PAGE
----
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pp. 36-39, we subjoin a poetical description of the tremendous icebergs of Greeenland, with remarks on some other singular phenomena of the arctic regions.
O'er rocks, seas, islands, promontories spread,
MONTGOMERY'S GREENLAND. Dense fogs, which frequently brood over the sea and land, are among the atmospheric phenomena of the Arctic Regions; their effect is often such as not only to render the needle's motion sluggish, but sometimes even wholly to arrest its activity. This occurred to Capt. Fox, in 1631, when on a voyage to discover the north-west passage : at Nottingham Island (in Hudson's Bay), he found that the needle had lost its power. One of these thick fogs and its singular effects is thus beautifully described by Mr. Montgomery:
The Sun retires,
An early traveller to the Arctic Regions, of the name of James, thus describes the severity of the climate of Greenland. We made,' says he three differences of the cold, all according to the places. In our house, in the woods, and in the open air, upon the ice in going to our ship. For the last it would be sometimes so extreme that it was not indurable; no clothes were proof against it; no motion could resist it. It would moreover so freeze the hair on our eyelids, that we could not see; and I verily believe it would have stifled a man in a few hours. We did daily find by experience that the cold in the woods would freeze our faces or any part of our flesh that was bare. Our house on the outside was covered three parts with snow, and on the inside frozen and hanged with icicles. The clothes on our beds would be covered with hoar frost, which in this little habitation was not far from the fire. The cook's tubs, wherein he did water the meat, standing about a yard from the fire, and which he did all day ply with melted snow water; yet in the night season, whilst he slept but one watch, would they be firm frozen to the very bottom. And therefore was he fain to water his meat in a brass kettle adjoining to the fire; and I have many times both seen and felt, by putting my hand into it, that side which was next the fire was very warm, and the other side an inch frozen. The surgeon, who had hung his bottle of syrups and other liquid things as conveniently as he could to preserve them, had them all frozen. Our vinegar, oil, and sack, which we had in a small cask in the house, were all firmly frozen.'
If the earth, however, in this climate is terrific, the heavens often present to the eye a beautiful appearance. “Those citadels of light, perhaps our future home,' which decorate the firmament, and which so eloquently declare the glory of God,'shine here with peculiar splendour and in infinite number. Refraction, also, that variation which the rays of light suffer in passing through mediums of different densities, and which causes the heavenly bodies to appear at a greater height than they really are, occasions, likewise, an appearance in the sun and moon, rarely assumed by them in lower latitudes. By reason of this influence, they sometimes appear of an oval figure near the horizon; for the under side being more refracted than the upper, the perpendicular diameter is less than the horizontal one, which is not affected by refraction.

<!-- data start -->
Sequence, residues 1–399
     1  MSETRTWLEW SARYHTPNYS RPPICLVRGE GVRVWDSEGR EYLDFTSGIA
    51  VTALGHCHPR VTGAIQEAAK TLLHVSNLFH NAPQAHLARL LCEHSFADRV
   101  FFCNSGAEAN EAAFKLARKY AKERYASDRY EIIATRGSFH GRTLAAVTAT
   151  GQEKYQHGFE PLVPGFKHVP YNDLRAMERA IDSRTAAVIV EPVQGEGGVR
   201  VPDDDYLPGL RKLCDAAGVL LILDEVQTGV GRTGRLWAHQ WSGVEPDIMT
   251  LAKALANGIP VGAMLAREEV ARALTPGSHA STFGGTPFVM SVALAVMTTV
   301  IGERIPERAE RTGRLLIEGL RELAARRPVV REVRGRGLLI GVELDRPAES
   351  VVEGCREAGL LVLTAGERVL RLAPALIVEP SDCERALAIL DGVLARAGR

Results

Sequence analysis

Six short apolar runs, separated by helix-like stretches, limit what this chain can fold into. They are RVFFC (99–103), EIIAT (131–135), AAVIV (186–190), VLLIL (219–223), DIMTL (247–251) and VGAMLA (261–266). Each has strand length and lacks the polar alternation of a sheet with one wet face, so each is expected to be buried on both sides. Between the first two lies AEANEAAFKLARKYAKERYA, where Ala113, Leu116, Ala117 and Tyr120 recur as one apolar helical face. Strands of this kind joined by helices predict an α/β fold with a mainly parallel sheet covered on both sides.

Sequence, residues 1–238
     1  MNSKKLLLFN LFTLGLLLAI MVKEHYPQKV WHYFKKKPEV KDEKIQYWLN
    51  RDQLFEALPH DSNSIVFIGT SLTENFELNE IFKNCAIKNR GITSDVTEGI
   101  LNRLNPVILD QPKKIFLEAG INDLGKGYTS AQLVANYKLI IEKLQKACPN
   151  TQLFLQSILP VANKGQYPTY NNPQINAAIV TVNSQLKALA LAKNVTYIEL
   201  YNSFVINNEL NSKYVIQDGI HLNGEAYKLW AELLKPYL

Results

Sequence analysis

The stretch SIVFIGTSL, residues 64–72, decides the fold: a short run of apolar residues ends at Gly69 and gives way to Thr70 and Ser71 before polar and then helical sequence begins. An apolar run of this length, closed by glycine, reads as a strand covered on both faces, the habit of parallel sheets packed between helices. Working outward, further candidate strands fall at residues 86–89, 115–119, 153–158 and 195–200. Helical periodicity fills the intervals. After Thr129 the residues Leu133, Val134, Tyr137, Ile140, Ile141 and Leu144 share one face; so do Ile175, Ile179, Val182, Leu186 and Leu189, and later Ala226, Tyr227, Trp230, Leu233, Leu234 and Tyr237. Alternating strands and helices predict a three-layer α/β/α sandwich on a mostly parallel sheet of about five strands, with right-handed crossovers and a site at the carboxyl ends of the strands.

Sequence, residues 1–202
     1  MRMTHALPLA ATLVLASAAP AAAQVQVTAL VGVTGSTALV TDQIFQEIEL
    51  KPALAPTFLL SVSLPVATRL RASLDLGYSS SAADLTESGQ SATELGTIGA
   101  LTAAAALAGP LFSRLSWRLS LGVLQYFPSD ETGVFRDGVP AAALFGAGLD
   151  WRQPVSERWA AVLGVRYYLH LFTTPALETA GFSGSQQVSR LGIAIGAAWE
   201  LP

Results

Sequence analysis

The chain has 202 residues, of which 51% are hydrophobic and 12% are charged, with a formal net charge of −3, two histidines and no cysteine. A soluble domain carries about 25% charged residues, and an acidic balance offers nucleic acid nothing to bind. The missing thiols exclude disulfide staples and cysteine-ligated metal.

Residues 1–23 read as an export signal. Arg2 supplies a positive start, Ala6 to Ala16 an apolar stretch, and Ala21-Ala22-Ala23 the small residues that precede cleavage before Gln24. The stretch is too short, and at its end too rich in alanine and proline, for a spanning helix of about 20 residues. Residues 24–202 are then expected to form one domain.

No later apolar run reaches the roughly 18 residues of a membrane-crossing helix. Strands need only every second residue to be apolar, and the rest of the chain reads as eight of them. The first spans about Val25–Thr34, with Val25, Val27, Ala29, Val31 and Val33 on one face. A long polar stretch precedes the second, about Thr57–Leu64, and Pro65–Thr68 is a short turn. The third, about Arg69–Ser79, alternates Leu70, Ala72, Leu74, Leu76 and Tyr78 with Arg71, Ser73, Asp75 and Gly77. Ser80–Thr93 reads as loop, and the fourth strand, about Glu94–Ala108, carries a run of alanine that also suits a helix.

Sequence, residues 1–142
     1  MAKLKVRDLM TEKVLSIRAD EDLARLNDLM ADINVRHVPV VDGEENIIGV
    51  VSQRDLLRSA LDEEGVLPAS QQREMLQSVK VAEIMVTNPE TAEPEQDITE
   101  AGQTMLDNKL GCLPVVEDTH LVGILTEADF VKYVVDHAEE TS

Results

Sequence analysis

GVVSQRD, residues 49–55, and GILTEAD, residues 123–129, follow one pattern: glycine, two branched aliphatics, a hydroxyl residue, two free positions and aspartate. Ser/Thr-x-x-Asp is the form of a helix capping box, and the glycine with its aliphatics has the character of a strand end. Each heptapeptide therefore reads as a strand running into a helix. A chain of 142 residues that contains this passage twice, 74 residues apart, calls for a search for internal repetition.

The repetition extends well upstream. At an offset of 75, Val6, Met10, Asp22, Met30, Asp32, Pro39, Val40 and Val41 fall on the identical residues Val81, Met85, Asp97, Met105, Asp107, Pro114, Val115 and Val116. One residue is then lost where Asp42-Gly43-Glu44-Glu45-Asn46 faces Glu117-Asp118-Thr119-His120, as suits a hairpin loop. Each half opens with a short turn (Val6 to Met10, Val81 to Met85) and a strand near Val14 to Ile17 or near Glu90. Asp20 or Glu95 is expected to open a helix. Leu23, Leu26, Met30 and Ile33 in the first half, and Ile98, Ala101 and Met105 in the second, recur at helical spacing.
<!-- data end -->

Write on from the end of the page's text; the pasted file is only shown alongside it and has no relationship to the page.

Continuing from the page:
The moon is watching in the sky; the stars
Where, poised as in the centre of a sphere,
In antient times, purgations had the name
Varro tells us, that all filth, or dirt, in the antient Sabine language was called Februa; from whence that word was afterwards applied to religious purgations or cleansings.
2 We are informed by Livy, that after the expulsion of the kings, as there were some public sacrifical duties that had been usually performed by the reigning king, the Romans were obliged to institute a priest with that name, who was therefore called Rex Sacrificulus, but (to avoid a bad omen) he was to be subject to the Pontifex Maximus. The Flamen Dialis was the priest of Jupiter. Wool was much used in expiatory sacrifices, to wipe up the blood, &c.
In which the tombs were also purified
In FEBRUARY 1820, 2.- PURIFICATION OF THE BLESSED VIRGIN
MARY. This festival is of high antiquity, and the antient christians observed it by using a great number of lights; in remembrance, as it is supposed, of our blessed Saviour's being declared by Simeon to be a light to lighten the Gentiles; hence the name of Candlemas Day. It is also called · Christ's Presentation, the Holiday of Saint Simeon,' and, in the north of England, the · Wives' Feast-DaySee T. T. for 1814, p. 28, and for 1815, p. 43, and
'The Romans had a notion, that the ghosts of such persons, as had not been buried with proper rites and ceremonies, hovered about their graves, and thereby occasioned an unhealthy or pestilential air; there. fore the festival called feralia, for quieting the manes of the dead, was observed in this month.
Our poet here enumerates several, who thought they were puri. tied from the guilt of shedding innocent blood by certain ceremonious ablutions ;
and then justly censures the credulity of such as can suppose that any external rites can cleanse men from corrupt and wicked actions, which are formed in the mind; a remark, that breathes more thc spirit and genius of christianity than of paganism.